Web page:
Maurizio Arrivabene is the third man to be appointed to the role of team principal at Ferrari in the space of a few months and like the fags he used to flog in his Philip Morris days, the job should carry a health warning. Marco Mattiacci took over from the affable Stefano Domenicali just in time for last year’s Chinese Grand Prix, but clearly Mattiacci’s fondness for wearing dark sunglasses indoors meant his vision was impaired and he couldn’t see the writing on the wall, nor the axe falling in Abu Dhabi.
Of the three, I’d wager that only Domenicali knows the difference between pushrod or pullrod suspension. However, a lack of technical knowledge isn’t necessarily a barrier to making a Formula 1 team successful, as Flavio Briatore proved at Benetton, the charismatic Italian having come into F1 from the woolly jumper business.
Speaking of lambswool-based garments, Arrivabene - whose name translates into “Arrives well” in English - has arrived at functions over the winter at least well-dressed, in a variety of V-necks and cardigans of which Fifties and Sixties crooners such as Bing Crosby and Perry Como would be envious. Hopefully it’s the sign of a more laid-back management style in Maranello.
The Ferrari team principal has wisely kept his own counsel for most of the winter and when he did make a pronouncement a couple of weeks back, it concerned the way Formula 1 promotes itself, something the fifty-something Italian knows plenty about, given his background with the world’s favourite brand of carcinogenic tobacco products, not to mention his role representing the F1 sponsor community. He is certainly the first team principal I can think of who has mentioned heavy metal in his views on what an F1 engine – sorry, power unit – should sound like, which added a lighter touch that we are not used to from the mandarins in Maranello. Maybe he’s into Iron Horse, or perhaps that one track when the squeaky clean Osmonds went metal mental with “Crazy Horses.”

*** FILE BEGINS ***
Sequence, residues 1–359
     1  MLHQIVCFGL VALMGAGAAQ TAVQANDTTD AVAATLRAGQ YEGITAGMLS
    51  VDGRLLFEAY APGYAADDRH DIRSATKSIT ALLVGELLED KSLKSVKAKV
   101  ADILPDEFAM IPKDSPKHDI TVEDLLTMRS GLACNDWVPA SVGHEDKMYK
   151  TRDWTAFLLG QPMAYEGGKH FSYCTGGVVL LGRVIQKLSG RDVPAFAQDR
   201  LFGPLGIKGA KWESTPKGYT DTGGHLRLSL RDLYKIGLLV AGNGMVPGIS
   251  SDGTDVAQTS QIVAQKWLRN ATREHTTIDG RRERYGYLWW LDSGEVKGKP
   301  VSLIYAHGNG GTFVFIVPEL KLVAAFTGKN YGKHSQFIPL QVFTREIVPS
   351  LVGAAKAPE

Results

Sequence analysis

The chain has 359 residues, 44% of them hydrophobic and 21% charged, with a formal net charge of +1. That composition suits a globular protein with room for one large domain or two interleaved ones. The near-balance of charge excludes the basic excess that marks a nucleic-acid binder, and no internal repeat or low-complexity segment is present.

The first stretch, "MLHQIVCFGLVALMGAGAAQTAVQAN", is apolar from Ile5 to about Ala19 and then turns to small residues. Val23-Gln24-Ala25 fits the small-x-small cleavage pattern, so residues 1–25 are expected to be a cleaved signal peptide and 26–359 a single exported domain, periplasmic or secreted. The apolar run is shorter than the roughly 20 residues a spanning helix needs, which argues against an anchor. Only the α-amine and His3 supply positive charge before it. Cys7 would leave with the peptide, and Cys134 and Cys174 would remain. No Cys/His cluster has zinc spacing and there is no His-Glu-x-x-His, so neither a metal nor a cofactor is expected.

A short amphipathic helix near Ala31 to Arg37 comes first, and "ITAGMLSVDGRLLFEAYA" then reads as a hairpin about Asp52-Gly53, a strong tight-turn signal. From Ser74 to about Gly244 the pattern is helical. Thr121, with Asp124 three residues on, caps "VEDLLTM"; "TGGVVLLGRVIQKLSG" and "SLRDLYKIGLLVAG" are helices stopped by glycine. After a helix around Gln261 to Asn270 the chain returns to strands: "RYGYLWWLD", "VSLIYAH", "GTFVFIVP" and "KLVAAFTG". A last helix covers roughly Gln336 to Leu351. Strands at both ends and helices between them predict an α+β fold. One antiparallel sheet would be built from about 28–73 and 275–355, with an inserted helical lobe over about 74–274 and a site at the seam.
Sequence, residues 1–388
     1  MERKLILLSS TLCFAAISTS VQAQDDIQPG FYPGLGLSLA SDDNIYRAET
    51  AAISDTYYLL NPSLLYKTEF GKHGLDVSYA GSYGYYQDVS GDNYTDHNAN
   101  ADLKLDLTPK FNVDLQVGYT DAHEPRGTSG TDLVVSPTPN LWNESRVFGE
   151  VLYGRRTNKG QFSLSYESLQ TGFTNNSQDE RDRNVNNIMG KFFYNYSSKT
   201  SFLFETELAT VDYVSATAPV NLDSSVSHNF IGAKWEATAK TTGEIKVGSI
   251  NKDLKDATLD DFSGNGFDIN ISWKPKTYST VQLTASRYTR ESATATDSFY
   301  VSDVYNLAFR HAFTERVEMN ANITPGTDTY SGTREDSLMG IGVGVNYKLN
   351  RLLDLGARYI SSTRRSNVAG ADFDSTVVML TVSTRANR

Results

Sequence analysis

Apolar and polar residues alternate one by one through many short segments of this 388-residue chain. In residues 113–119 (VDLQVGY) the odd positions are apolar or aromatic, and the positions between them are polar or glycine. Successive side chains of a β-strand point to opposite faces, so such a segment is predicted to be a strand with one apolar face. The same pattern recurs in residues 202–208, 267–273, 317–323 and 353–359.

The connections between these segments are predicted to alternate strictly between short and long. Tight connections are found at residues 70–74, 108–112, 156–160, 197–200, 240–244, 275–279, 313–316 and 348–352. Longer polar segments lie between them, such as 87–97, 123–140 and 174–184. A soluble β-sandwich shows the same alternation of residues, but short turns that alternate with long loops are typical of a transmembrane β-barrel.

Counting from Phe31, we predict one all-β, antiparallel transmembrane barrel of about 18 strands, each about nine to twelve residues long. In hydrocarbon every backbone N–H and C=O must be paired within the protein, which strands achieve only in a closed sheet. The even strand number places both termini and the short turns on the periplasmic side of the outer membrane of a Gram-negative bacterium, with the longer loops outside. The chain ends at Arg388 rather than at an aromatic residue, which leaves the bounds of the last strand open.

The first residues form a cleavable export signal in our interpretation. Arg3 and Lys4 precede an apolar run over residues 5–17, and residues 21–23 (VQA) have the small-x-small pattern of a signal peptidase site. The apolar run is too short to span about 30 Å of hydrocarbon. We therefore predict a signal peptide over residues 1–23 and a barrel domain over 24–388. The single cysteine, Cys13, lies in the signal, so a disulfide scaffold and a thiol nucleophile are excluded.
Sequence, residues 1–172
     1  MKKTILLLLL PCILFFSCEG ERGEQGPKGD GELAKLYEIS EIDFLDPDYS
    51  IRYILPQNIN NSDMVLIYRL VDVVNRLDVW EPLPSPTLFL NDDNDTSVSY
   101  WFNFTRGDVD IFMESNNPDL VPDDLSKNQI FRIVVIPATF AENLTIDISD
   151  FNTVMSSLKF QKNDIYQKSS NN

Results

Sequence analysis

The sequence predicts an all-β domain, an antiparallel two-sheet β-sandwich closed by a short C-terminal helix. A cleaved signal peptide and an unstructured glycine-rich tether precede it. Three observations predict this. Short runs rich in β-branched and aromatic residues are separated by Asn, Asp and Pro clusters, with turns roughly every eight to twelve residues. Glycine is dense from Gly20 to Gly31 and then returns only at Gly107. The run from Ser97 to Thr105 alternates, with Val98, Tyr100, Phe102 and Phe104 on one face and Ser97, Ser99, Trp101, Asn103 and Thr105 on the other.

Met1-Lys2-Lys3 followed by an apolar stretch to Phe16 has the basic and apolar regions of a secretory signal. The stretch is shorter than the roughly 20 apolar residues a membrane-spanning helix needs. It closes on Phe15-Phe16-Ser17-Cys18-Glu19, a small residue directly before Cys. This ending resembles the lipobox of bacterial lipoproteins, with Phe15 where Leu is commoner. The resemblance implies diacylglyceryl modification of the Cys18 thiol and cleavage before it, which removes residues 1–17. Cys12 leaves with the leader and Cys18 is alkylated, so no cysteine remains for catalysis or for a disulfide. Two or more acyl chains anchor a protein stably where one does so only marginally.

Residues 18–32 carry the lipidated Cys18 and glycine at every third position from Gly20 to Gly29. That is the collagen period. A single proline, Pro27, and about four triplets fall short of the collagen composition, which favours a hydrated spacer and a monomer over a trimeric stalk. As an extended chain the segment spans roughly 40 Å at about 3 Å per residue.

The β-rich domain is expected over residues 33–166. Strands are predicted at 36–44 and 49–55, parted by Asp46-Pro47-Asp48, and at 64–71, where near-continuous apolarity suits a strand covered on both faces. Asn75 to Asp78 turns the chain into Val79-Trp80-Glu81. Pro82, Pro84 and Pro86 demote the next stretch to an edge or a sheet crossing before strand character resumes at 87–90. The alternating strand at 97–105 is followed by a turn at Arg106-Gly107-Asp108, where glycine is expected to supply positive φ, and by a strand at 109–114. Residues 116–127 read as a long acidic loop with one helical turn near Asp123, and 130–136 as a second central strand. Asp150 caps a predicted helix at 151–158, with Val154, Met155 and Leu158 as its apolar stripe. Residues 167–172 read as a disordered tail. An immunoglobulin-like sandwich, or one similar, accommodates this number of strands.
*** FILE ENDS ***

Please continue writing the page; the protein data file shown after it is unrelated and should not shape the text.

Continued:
Arrivabene was clearly keen to fire an early shot in the battle to win the hearts and minds of the (dwindling according to him) F1 audience, with talk of bringing the sport to the people, staging Thursday race week press conferences in a public arena and so forth. In reality, theses suggestions are not exactly wet behind the ears, but they are moving in the right direction and it shows a willingness to live in the real world, something past Ferrari folk were not exactly famous for.
As a new team principal and one whose knowledge of the sport is limited to the non-technical, it will be interesting to see how Arrivabene fares in the coming months. He will need time to settle in, because it’s easier to spin a supertanker on its axis on the high seas than it is to turn around the fortunes of a Formula 1 team. Consider that it took the Three Wise Men - Jean Todt, Ross Brawn and Michael Schumacher - five years to win their first championship with Ferrari and you begin to see the magnitude of the task facing the former Marlboro man. He needs to be given time and lots of it. At least the targets he and President Sergio Marchionne have gone public with are modest ones – a couple of wins in 2015 is about right for what currently has to be considered a mid-grid team.
It’s early days for the new Ferrari boss and whether or not he can devote much time to the state of Formula 1 in general, while dealing with rescuing a failing Italian institution, will depend how the SF15-T performs on track following an encouraging start in the hands of Kimi Raikkonen and Sebastian Vettel. Hopefully the Finn and the German will break off from comparing notes about bringing up a baby just long enough to deliver the results every tifoso is desperate to see.